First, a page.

The sober Milton despised the levity of his fellow students. and he was not liked. He complained that possibly half his audience of fellow students “bear malice towards him”.

Looking back, Milton referred to his old college as a "stony hearted stepmother."  He felt the Cambridge curriculum to be antiquated and the tutors to be mostly bores.


On leaving Cambridge, Milton adopted no profession, but embarked on a course of private study with a view of becoming a poet or clergyman, supported by his father.  His independent spirit led him to give up a potential ministerial career, and, he preferred "a blameless silence before the sacred office of speaking bought and begun with servitude and forswearing."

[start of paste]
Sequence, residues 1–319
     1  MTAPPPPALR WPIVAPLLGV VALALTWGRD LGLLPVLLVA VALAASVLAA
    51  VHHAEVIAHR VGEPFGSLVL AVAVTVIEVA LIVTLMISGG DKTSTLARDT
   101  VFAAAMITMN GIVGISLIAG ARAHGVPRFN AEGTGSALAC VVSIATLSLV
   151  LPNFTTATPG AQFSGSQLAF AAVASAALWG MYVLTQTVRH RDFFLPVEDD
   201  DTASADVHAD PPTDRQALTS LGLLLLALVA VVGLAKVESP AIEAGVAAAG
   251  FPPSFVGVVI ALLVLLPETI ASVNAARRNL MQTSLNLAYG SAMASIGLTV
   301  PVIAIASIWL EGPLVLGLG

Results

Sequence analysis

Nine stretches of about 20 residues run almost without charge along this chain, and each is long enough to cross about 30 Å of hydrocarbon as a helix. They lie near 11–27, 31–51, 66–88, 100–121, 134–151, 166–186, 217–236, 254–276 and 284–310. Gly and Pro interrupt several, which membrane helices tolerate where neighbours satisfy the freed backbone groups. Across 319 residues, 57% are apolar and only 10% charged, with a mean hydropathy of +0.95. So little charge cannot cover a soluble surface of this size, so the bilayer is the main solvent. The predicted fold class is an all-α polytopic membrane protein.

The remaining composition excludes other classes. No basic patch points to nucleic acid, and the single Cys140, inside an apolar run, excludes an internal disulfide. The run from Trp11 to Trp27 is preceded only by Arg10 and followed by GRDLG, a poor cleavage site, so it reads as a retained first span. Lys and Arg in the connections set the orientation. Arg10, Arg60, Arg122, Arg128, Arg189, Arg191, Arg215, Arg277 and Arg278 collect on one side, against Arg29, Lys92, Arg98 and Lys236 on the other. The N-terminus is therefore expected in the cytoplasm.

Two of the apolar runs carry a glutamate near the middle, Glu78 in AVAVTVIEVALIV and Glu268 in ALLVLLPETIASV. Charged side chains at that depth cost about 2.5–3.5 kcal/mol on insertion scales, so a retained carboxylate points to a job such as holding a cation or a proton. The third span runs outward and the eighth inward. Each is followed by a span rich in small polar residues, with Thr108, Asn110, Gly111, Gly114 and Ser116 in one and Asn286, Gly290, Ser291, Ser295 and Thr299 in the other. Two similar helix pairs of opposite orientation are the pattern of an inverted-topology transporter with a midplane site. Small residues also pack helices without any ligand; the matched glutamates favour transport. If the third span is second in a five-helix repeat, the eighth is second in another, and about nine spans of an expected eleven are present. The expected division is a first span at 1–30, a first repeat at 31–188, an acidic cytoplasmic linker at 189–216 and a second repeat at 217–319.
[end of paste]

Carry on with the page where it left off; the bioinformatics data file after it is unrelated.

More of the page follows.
Milton's family rented Berkyn Manor, a house that belonged to Sir John Egerton, in the small village of Horton near Windsor, between 1632 and 1640. Milton spent five quiet years there, reading and writing.

In May 1638, Milton embarked upon a tour of France and Italy that lasted up to the summer of 1639. He particularly enjoyed Italy for its art, culture and music. Milton spent two months in Florence during which he visited Galileo. His plans to go onto Greece were thwarted because of rumors of impending civil war in England, so he returned home.

On his return to England, Milton launched a career as pamphleteer and publicist. He also became a private schoolmaster in 1639, educating his nephews and other children of the well-to-do. This experience, and discussions with educational reformer Samuel Hartlib, led him to write in 1644 his short tract, Of Education, urging a reform of the national universities.